Listen: Chris Witts presents Morning Devotions.
By Chris WittsWednesday 18 Nov 2020Morning Devotions with Chris Witts
I was quite interested to read in a Reader’s Digest article a list of professions in which people trust most. It was called “Australia’s Most Trusted”, and it revealed that we trust ambulance officers the most, followed by firefighters, pilots, and nurses.
In the list of 30, politicians come 29 followed by telemarketers at No. 30. It was quite a surprise to read that hairdressers (at 12th position) are more trusted than ministers of religion at 17th. It’s quite fascinating to ask the question, What is trust? The Macquarie Dictionary defines it as reliance on the integrity…of a person and a confident expectation of something; hope.
Little children instinctively trust their parents, and doctors tell us that if a child doesn’t bond with a parent or guardian in the early months of their life, they will have trouble trusting others as he/she grows older. Those who know have studied this, and it’s obvious there can be serious emotional problems if this doesn’t happen, and a fracture may occur in the child’s spirit and personality. Because we need to mix with others, we have to trust people, or at least learn to trust them, and believe in something beyond ourselves.
As Social Beings We Have to Trust People
People will trust a person who has a reputation of being honest, reliable and responsible. Dishonesty, on the other hand, can easily tarnish that reputation and as a result others will consider you to be untrustworthy. One of the big selling points in advertising is that the company says, You can trust us—whether that’s correct or not is another issue. But people generally know if they are being treated fairly.
If someone says of you, He’s a trustworthy person, they mean you can be counted on at all times and will not shirk your duty. I think it’s a great compliment to be called a reliable person. If you have a close friend, you’ll probably feel you can trust them. If they share information with you, you accept what they say as truthful, and you feel confident.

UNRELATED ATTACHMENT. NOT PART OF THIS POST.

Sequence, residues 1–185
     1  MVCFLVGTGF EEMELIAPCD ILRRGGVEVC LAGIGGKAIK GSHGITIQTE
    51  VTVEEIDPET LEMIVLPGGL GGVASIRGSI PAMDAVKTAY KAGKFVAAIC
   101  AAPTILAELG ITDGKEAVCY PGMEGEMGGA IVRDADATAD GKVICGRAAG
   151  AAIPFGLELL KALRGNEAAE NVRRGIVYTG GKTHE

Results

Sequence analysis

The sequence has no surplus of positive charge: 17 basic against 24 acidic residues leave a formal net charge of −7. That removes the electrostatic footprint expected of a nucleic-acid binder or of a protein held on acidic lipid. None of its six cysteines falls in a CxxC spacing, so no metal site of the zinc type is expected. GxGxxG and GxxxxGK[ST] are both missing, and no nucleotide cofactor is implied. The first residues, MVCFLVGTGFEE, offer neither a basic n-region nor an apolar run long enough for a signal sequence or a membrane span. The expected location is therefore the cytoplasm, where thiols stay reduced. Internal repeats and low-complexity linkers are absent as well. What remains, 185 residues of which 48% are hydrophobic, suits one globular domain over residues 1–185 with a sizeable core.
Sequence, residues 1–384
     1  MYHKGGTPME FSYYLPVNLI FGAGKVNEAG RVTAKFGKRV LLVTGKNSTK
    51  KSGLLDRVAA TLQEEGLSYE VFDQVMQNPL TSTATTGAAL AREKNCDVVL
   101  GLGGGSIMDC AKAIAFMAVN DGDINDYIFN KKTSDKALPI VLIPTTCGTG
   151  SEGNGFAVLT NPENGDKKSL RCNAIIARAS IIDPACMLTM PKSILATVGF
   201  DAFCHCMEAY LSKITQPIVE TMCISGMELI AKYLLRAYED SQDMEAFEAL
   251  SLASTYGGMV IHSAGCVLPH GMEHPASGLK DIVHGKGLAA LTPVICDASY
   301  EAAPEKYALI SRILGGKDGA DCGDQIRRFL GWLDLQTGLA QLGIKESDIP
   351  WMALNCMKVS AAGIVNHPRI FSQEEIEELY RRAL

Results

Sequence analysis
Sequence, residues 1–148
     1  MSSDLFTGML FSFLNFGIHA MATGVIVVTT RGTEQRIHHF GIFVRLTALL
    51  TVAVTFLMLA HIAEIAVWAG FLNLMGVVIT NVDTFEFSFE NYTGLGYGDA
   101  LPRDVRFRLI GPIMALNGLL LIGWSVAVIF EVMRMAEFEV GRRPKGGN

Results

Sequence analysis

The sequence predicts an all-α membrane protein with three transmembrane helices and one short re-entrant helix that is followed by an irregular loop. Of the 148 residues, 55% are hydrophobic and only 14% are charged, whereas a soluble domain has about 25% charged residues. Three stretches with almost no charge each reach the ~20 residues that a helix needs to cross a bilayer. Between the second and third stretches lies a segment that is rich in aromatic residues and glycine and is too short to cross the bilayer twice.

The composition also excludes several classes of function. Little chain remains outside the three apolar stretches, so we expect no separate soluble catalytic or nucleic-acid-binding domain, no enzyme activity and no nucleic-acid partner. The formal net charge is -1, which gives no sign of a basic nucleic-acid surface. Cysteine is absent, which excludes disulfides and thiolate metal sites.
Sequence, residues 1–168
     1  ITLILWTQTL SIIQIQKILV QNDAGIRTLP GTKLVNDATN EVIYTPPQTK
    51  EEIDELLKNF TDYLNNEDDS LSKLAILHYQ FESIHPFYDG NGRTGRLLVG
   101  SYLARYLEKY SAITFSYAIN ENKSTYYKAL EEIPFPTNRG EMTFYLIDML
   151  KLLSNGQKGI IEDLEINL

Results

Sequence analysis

When Sir Edmund Hillary made his historic climb of Mt Everest, he had a faithful guide named Tensing. Coming down off the peak one day, Hillary suddenly lost his footing and Tensing held the line very tightly which kept them both from falling, as he dug his axe into the ice. In fact he saved Hillary’s life, but he refused any kind of credit. It was just part of his job, he said. And he then said, “Mountain climbers always help each other”. It was a simple statement, but I realised it was a good illustration of reliability and trustworthiness, especially in life-threatening situations.
I like the unusual story of a farmer in India who used to sell milk. But he had to do it the hard way, even in the heat of Indian summer. He had to take his cow with him, door to door, as he sold his milk. Why? Because one time he was caught by some of the housewives watering down the milk to his customers. So, they insisted he milk his cow in front of them. He could not be trusted—his life of dishonesty doomed him to drudgery.
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Trust Is Important in Everyday Life
When you think about it, there is practically no area of life in which trust doesn’t play an important part. In everyday life we trust the tap has clean running water, and won’t poison us. We trust the manufacturer of the breakfast serial we eat each morning that it won’t harm us—and on it goes. In hundreds of situations each day we exercise trust. In our personal relationships, trust is essential also. In marriage, it’s so important that we can trust our partner not to cheat on us.
Unfortunately, there is a lack of trust in our world. We live in a fallen world, and things are not always as they seem. That’s why the Bible says in Psalm 146:3: “Do not put your trust in mortal men”. It’s far better to trust in a God who never changes, who can be trusted in every way. The Bible says, “God is faithful”. What a relief to know that we can turn to the trustworthy character of our Creator God. A God who keeps faith with us, who is present with us, and an eternal God who will stand by what he has said, and do what he has promised.
Christians should be known as trustworthy people—we should not be people who take advantage of others, or rip them off. Let’s do our best to be reliable, dependable, not willing to exaggerate or bend the truth.
By: Dick Innes